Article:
Disco had sashayed well past its sell-by date by the time Grace Jones’ third album Muse arrived in September 1979. The final instalment in her high-gloss New York trilogy, Muse, like Portfolio and Fame before it, portrayed Jones as the decadent diva still swanning around Studio 54, but no amount of sumptuous Tom Moulton production could disguise the fact that disco had already faded from fashion. Punk and its mutant offspring had wiped off the glitter and a backlash was underway, its mooted US flashpoint the infamous ‘disco demolition night’ at Comiskey Park, the home of the Chicago White Sox, in July ’79. There, thousands of disenfranchised rock fans turned up to a baseball game and stormed the pitch to smash and burn Village People and Bee-Gees records – an isolated, brainless event that quickly made headlines.
Record sales also fell with disco’s decline in the States, down 11 per cent year-on-year from 1978. “I thought we were in a bit of trouble after the third album. It didn’t sell very well,” notes Chris Blackwell, Jones’ Island Records boss, in the singer’s memoirs, published last year. His solution was to invite Jones – pregnant with her son Paolo – to his Compass Point studio complex on the tiny island of Nassau in the Bahamas in a bid to push her in a new direction that would draw attention to her irresistible force and gender-bending qualities, an idea that seemed quite natural at the time but with hindsight proved both prescient and radical. On the cusp of the 1980s, this new decade needed a striking star with a modern, uncompromising sound. Jones, familiar yet unknowable, might fit the bill.
As part of his plan, he and fellow producer Alex Sadkin, who manned the mixing desk, had assembled a crack squad of session musicians who, under Blackwell’s guidance, would interpret recent cult hits and compose new material for Jones. Factory Records’ funk outfit A Certain Ratio were in the running to be the backing band, but it soon became clear that Blackwell’s team of players, dubbed the Compass Point All Stars, had developed extraordinary chemistry when the tape began to roll. Impressed by recent Island signings Black Uhuru, Blackwell recruited bassist Sly Dunbar and drummer Robbie Shakespeare, the backbone of countless dub and reggae grooves, who could claim to be the finest rhythm section in the world. Alongside percussionist Uzziah ‘Sticky’ Thompson and guitarists Mikey Chung and long-time Marianne Faithfull cohort Barry Reynolds, suave Parisian keyboardist Wally Badarou brought European flair to the mix. The group had never played together but gelled almost instantly, producing in these sessions enough material for Warm Leatherette and its more admired successor Nightclubbing.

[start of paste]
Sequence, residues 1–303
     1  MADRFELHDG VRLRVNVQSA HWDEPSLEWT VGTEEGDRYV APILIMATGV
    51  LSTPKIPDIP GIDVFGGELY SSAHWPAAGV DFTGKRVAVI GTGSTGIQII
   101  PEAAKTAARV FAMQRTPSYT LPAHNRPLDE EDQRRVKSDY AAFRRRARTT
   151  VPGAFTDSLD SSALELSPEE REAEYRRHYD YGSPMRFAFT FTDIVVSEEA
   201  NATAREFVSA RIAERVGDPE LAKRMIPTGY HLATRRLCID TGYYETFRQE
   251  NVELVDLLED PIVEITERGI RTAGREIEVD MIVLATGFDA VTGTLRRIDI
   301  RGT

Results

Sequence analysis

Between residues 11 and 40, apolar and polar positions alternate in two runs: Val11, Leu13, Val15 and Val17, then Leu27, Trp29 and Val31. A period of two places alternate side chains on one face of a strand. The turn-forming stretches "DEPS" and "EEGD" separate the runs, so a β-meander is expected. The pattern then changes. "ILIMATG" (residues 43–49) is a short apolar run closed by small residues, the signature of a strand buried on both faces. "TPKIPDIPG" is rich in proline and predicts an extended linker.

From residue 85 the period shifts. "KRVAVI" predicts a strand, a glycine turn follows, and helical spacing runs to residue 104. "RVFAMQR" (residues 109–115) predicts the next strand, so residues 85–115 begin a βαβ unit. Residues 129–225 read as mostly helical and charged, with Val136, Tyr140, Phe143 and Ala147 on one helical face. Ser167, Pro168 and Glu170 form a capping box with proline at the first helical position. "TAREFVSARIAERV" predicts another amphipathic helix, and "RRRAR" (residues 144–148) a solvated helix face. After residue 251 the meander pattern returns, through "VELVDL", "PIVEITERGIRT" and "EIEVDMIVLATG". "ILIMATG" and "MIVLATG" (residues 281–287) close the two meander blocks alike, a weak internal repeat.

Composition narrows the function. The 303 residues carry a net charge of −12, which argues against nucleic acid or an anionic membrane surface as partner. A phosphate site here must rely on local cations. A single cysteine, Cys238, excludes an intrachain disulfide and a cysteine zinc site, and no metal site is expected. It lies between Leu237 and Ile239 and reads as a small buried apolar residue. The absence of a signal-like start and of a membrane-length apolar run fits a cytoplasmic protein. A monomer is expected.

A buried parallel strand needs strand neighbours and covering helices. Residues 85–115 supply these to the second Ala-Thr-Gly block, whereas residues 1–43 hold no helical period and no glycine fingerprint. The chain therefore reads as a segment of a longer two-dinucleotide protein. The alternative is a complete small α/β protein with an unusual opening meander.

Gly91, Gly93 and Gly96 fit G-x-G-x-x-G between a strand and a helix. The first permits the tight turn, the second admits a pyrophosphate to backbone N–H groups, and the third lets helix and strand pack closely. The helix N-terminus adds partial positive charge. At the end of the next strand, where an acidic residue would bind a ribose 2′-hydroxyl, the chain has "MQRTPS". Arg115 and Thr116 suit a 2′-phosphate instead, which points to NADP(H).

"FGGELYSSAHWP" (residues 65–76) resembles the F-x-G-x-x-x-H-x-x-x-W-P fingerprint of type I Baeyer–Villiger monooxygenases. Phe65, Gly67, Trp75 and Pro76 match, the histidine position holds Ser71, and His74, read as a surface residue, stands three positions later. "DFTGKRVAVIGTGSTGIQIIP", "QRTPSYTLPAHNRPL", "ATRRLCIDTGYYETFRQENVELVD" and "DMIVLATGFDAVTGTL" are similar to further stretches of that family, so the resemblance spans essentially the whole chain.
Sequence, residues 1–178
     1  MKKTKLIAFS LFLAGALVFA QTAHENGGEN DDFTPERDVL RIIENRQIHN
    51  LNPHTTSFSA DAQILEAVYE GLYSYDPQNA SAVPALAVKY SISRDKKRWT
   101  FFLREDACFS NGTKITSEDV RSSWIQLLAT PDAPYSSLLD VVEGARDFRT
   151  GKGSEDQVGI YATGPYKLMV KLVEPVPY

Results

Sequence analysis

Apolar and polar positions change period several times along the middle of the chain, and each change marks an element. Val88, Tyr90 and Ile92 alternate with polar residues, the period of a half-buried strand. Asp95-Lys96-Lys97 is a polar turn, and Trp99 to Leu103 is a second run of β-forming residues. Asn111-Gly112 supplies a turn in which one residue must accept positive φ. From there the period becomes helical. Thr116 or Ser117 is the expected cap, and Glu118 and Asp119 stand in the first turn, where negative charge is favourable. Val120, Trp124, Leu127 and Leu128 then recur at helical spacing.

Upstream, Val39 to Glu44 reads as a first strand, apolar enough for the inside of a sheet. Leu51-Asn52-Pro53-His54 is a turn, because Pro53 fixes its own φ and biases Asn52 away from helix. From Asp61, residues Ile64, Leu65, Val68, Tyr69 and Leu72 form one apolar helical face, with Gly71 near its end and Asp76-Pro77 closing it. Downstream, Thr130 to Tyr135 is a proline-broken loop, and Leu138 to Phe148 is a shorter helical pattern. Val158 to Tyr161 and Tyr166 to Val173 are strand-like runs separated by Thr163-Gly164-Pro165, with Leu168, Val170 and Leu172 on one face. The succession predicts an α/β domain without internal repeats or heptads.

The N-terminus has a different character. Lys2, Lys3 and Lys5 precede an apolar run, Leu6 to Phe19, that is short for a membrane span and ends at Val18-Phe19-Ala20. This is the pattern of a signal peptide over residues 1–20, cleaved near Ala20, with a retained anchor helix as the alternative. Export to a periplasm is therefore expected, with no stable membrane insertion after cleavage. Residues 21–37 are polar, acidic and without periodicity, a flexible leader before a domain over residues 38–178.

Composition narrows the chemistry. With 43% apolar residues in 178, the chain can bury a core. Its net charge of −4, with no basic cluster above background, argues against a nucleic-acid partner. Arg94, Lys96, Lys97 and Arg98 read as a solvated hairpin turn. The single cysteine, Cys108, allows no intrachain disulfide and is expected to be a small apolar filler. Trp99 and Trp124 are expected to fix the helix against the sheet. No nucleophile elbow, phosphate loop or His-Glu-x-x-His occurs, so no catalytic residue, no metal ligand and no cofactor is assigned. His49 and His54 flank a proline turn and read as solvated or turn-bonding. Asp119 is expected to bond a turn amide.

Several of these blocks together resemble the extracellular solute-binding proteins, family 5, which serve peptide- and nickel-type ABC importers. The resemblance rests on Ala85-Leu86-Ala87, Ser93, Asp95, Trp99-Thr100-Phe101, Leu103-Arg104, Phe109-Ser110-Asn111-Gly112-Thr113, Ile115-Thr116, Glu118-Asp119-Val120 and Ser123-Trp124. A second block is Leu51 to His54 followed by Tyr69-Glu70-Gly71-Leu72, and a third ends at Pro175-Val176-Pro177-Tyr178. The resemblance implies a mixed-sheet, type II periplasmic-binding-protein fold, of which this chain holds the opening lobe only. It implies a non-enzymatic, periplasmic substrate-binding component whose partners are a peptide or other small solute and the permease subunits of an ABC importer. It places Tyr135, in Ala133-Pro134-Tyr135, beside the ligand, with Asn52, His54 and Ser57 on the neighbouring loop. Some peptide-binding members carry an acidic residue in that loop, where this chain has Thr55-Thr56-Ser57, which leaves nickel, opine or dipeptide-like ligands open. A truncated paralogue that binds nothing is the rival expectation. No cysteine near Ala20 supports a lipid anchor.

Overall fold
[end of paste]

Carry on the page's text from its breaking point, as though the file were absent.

Warm Leatherette is often considered a rehearsal for Nightclubbing but in some ways it’s the most radical of the pair, because it unveiled to a shocked audience the new-look Jones, presented on the sleeve in stark black and white as a kind of sinister Pierrot by her partner Jean-Paul Goude. Shaded from the Caribbean sunshine, the projected mood is cold, hard and cynical after the gaiety of the disco years. This post-punk menace is all over the music, too, epitomised by Blackwell’s calculated choice of “Warm Leatherette” by The Normal as the first song to be covered. The grubby DIY electro of Mute boss Daniel Miller’s fetishised hymn to JG Ballard’s Crash is a world away from the designer luxe Jones was accustomed to, yet out of this collision between neurotic European new-wave and unflappable Jamaican groove she emerges a changed woman: the diva as Terminator.